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Susan Miles Gulbransen: Is Reading Better in Print or Digital? Local Authors Weigh In

The turn of the 21st century brought on a new look at ways to read books. The world of digital print or e-books was taking over. Digital sales climbed while print books declined. Forecasters saw major changes in reading material — print books would slowly disappear except for rare exceptions while e-books would take over the publishing industry. Bookstores would become obsolete while online sales would climb higher than Pluto.

For 12 years, these forecasts seemed right on. After that, the sales of digital books slowed down, becoming almost static. In 2015, sales fell 10 percent, according to data collected by the Association of American Publishers from nearly 1,200 publishers.

In 2016, e-book sales declined 18.7 percent. Paperback sales jumped up 7.5 percent, and hardback sales increased 4.1 percent.

Meanwhile, children's books and cookbooks have taken their own paths, continuing to be more popular in print.

The Pew Research Center reported that 65 percent of Americans in 2015 read printed books compared with 28 percent who read e-books.

Instead of adding more statistics to this modern way of reading, I asked several local authors what they preferred.

T.C. Boyle's The Relive Box and Other Stories (Ecco, 2017) demonstrates Boyle's mastery of the short story with humor, surprise and emotion.

“I prefer an actual, hold-in-your-hand, sniff-and-lick, shiny-covered book at all times, except when I am off on a book tour and must travel light (last winter)," he said. "I came back from a tour of the German-speaking countries, and the Kindle served me well.”

Grace Rachow is executive director of the Santa Barbara Writers Conference, which had a successful week last month.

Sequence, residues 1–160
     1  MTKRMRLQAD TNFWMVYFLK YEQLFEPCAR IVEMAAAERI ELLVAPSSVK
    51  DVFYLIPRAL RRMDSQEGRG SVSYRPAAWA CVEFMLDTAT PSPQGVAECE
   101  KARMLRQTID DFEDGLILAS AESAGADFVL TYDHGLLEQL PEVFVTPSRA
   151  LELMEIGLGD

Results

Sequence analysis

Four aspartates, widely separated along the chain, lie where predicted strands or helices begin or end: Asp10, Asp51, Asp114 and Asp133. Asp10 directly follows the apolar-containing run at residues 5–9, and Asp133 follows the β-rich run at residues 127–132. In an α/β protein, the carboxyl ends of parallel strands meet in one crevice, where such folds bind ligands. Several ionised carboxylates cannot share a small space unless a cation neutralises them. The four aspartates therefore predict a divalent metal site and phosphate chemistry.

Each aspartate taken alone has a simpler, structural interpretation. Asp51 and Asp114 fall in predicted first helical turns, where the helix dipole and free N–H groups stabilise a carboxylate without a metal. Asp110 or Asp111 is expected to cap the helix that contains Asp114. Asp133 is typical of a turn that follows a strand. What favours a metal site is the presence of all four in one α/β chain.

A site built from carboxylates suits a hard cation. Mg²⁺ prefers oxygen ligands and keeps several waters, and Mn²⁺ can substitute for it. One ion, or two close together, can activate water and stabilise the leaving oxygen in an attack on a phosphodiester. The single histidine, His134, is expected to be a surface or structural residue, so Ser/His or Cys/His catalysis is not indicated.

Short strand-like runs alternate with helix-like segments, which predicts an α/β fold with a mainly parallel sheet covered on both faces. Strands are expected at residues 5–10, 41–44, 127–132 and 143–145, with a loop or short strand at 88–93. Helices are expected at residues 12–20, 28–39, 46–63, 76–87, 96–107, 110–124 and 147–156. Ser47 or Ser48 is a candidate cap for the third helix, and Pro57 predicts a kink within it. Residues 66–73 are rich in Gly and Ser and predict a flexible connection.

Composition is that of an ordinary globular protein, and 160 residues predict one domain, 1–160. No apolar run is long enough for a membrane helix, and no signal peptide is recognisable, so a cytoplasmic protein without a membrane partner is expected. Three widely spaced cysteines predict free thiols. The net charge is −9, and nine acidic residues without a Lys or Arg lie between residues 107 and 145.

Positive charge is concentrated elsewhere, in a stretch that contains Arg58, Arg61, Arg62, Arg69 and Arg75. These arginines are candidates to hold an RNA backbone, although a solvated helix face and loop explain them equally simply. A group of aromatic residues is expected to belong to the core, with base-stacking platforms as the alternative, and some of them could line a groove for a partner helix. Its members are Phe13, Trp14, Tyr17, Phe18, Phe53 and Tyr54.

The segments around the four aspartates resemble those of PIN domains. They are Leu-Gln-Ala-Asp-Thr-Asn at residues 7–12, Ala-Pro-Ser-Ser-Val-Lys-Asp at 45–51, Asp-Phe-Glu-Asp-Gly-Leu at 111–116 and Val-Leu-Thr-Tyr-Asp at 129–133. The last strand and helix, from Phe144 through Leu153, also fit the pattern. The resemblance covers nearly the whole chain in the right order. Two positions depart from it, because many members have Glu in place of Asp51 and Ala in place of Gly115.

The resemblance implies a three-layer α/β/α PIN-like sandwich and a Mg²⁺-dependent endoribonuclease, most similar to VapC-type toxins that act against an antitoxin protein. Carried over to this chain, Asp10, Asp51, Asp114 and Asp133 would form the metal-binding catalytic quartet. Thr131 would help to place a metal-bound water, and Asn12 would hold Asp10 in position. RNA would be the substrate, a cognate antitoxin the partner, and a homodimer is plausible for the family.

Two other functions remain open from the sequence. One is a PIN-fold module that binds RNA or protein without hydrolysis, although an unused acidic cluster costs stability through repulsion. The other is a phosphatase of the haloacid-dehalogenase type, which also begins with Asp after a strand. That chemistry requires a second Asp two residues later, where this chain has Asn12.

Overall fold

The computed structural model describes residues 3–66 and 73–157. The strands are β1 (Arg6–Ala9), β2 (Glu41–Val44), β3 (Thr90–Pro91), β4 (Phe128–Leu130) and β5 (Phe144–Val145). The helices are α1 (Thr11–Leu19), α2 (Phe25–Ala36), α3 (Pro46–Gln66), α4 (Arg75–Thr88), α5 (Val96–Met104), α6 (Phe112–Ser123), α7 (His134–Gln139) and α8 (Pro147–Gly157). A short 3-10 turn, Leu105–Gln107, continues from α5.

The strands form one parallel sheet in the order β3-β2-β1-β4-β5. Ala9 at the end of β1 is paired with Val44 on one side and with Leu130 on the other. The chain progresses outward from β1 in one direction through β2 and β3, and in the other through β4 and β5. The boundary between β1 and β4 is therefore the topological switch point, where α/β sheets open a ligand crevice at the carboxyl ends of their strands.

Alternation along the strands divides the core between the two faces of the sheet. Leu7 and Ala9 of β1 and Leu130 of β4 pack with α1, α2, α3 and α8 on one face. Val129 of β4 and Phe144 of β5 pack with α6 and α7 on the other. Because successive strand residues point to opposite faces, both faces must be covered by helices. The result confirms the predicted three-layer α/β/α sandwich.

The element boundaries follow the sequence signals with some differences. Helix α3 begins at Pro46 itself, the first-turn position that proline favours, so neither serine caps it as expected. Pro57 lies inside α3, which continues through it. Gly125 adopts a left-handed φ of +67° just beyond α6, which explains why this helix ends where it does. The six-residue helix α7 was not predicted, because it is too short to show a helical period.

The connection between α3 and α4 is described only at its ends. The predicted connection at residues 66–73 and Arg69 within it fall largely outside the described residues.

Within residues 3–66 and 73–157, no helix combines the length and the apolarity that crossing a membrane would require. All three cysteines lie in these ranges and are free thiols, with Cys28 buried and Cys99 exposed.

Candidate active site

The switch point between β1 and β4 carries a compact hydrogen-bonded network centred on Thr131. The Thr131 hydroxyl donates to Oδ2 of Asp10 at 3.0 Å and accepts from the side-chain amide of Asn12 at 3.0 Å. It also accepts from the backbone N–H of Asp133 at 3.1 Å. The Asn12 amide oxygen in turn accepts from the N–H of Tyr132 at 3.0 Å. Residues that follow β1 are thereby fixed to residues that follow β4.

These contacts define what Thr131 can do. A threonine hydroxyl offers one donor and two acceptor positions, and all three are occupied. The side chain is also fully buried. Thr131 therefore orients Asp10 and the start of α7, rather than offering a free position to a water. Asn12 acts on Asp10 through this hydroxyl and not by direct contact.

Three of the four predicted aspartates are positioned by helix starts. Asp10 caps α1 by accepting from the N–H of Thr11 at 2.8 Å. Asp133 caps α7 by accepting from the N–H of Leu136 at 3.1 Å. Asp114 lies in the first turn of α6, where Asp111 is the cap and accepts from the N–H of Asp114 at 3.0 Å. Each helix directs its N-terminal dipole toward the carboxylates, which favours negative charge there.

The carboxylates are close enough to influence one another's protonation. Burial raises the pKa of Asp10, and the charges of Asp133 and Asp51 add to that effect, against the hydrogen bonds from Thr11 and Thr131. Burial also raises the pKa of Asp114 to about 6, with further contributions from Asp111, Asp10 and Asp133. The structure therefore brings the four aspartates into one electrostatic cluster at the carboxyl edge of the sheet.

“I had a chat with award-winning author Dara Horn after she spoke to the SBWC audience one evening (last month)," Rachow said. "I loved her novel Eternal Life, about a 2,000-year-old woman could not die and ‘read’ the recorded version twice on Audible. We compared notes on what we were reading and how.

“Dara, a traditionalist, likes books in print. I prefer listening to recordings while doing mundane chores and getting ready at the same time. Dara listens to podcasts while driving, but doesn’t consider recorded novels because she might miss important details. I pulled out my iPhone and played 30 seconds of Eternal Life. She apparently liked it, because she said she’d give recorded books a try.”

Betsy J. Green is the author of Way Back When: Santa Barbara 2017: Tales of Everyday Life in Santa Barbara 100 Years Ago (El Barbareno Publishing, 2017). Her 2018 book will come out later this year.

“I don’t have a Kindle. Maybe because I read the morning news on my computer, I associate computers with stress and unpleasant feelings," she said. "I like to ease into bed at night with a good book, and relax. Ahh! It’s my reward for working hard all day. I like the feel of books. I like the smell of books. Although there is actually a scented aerosol spray called Smell of Books, which promises you can have the ‘convenience of an e-book and the smell of your favorite paper book.’ I’m still a paper-and-ink kind of gal.”

Pico Iyer wrote 100 Journeys for the Spirit: Sacred*Inspiring*Mysterious*Enlightening (Watkins Publishing, 2017) about traveling to places that add meaning to our lives.

“I’ve read books only on the page — I’m so out of it, I can barely read an article on a screen — but I really don’t mind how or where people read so long as they’re not depriving themselves of one of the soulful and sustaining entertainments of the age,” he said.